Athlete, scholar, leader, friend, mentor – just some of the words that faculty and students use to describe the subject of our alumni spotlight, Julia Aurignac, Class of 2018. She was all of these and much more. Read on as News from the Nest takes a look at where one of our recent graduates is now and what she has learned along the way. But first a quick look back at Julia’s time at THS.
The Ultimate Impact Player
Julia’s life at THS epitomized the phrase “impact player” – her presence on the court, the field, in the classroom and around campus made an impact on others.
She was an outstanding athlete on the court and on the track and was a great example of a scholar – athlete. Here are some of her athletic accomplishments as an Eagle.
- Four-year letter winner in both track & field and basketball
- 2018 Templeton High School Female Athlete of the Year.
- 2018 300-meter hurdles league champion.
- CIF-SS Qualifier from 2015-2018 as a member of the track & field team.
- In basketball, earned first team all-league 2016-2018.
- Voted as the basketball team captain all three years.
- Member of the academic honor roll from 2015-18.
- Holds the school record as part of the 4×100 relay team.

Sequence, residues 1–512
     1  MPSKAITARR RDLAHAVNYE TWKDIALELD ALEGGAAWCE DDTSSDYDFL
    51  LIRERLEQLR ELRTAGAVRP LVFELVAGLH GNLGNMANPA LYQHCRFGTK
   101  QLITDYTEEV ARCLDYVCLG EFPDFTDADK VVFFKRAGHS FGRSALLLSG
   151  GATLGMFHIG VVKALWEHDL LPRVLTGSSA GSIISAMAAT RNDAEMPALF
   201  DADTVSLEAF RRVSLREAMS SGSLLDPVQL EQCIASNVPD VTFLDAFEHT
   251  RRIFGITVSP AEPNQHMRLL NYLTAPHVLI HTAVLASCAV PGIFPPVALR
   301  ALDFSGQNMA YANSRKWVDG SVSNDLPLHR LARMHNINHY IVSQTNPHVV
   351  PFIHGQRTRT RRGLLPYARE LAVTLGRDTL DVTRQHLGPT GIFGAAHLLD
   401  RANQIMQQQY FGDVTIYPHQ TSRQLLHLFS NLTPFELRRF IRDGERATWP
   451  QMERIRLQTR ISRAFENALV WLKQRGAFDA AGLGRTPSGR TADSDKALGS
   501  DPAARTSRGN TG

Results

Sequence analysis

- 2nd fastest time in school history – 100 meters, 200 meters, and 300 meters
“Simply put, Julia is a fierce competitor every coach wants on their team. She cannot be intimidated and she plays fearlessly no matter the opponent or challenge. She is admired for her work ethic and is an exceptional role model for both male and female athletes, on and off the court.” Lindsay Franklin, THS Athletic Director
Julia was also a vital part of the FFA program during her years at THS. Her leadership in word and deed were important while she was here but she left a last imprint on the program as well.
“Julia did an excellent job as an innovator in our chapter. Many of the meeting activities we enjoy today were from her ideas. She did an excellent job putting in the extra mile as an officer, student, and Parli Pro President. She was an inspiration to get involved in our chapter and many current members today still look up to her achievements.” Brandi Bognuda, FFA Advisor